The return made by the sheriff on the subpoena was dated January 4, 1952, eleven days before the trial. It is not clear whether or not effort was made to locate the witness after the sheriff made return of the subpoena. Thus, over the objection of counsel for defendant, on the bare showing hereinabove quoted, and in the complete absence of any information concerning the detailed effort of the sheriff to locate the witness at any time, the trial court permitted the deposition to be used. For all that appears in this record the witness might well have been available on the day of the trial. The prosecution had the burden of showing diligence and good faith in an effort to produce the witness at the trial. The objection of the attorney for defendant to the use of the deposition was explicit and altogether adequate to direct the attention of the court and district attorney to the absence of any detailed information whatever for the guidance of the court in determining whether diligence had been exercised by the prosecuting officers in an effort to produce the attendance of the witness.
The pertinent provisions of the statute hereinabove quoted were considered by our court in LeMaster v. People, 54 Colo. 416, 131 P. 269, 270, from which we quote the following:"Prior to the trial, depositions of witnesses residing in Kansas were taken in the presence of the accused, pursuant to a waiver of notice by him. * * * When the district attorney offered to read these depositions to the jury, counsel for the defendant objected, claiming that no proper foundation was laid; that there was no showing that the witnesses could not be produced. * * * It stands admitted that these witnesses were residents of Kansas; their depositions were taken in order that they might return to that state."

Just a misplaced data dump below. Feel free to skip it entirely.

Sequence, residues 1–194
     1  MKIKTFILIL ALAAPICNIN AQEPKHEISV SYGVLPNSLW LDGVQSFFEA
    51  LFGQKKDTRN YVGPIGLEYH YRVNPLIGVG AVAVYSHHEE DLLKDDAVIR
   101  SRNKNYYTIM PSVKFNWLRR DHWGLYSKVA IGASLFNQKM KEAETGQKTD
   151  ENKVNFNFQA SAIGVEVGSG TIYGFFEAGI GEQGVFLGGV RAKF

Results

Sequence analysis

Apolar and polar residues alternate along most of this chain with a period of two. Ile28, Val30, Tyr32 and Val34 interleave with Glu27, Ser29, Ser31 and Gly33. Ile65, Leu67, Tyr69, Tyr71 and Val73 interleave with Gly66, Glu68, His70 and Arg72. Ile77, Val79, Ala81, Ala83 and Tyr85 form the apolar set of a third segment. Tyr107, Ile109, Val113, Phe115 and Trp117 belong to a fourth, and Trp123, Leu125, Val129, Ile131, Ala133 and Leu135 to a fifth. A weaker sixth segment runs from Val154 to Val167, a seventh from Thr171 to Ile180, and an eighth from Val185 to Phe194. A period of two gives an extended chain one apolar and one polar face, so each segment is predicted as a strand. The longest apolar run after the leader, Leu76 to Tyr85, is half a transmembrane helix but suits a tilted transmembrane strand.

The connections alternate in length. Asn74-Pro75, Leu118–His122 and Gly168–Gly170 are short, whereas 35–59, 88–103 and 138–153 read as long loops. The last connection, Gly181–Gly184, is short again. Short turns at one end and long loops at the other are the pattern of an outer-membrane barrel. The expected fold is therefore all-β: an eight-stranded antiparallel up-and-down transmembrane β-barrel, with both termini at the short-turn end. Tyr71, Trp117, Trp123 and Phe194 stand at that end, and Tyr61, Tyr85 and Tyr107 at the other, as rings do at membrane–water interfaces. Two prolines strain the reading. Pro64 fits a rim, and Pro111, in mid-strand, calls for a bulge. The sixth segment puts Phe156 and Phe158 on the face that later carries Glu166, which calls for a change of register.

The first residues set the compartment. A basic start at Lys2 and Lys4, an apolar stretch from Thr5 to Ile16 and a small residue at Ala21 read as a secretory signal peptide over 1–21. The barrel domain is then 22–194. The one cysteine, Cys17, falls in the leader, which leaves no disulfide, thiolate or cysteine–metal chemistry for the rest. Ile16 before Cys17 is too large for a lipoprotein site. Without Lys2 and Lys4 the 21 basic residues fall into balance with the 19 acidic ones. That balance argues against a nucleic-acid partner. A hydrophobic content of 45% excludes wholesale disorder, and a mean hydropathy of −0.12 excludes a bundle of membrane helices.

In the LeMaster case our court held that there was no abuse of discretion exercised by the trial court in receiving the depositions in evidence.
The case at bar is readily distinguishable from the LeMaster case. In that case depositions were taken in order to permit witnesses to return to their home in the State of Kansas. In the case at bar no reason whatever appears for taking the deposition. Brogitti stated in his deposition that his place of residence was Idaho Springs, Colorado, which is the city in which the offense was committed and is located in the county where the trial was held.
While depositions are allowable in criminal cases, the circumstances permitting their use must be extraordinary. The necessity must be clearly established, and the duty of showing that necessity is the burden upon the prosecution. Reynolds v. Fitzpatrick, 28 Mont. 170, 72 P. 510; Healy v. First National Bank of Great Falls, 108 Mont. 180, 89 P.2d 555. In Moormeister v. Golding, 84 Utah 324, 27 P.2d 447, 452, the Supreme Court of that state, under a somewhat comparable statute, said: "It would therefore be error to admit a deposition in the absence of a showing that the person offering the deposition has used due diligence to find him, that he could not be found, or that he *998 was not within the reach of the process of the court." (Emphasis supplied.)
We are satisfied that there was no sufficient showing in the instant case of due diligence on the part of the prosecuting officials in an effort to produce the witness Brogitti at the trial, and the trial court erred in admitting the deposition in evidence.
The judgment accordingly is reversed and the cause remanded for further proceedings consistent with the views herein expressed.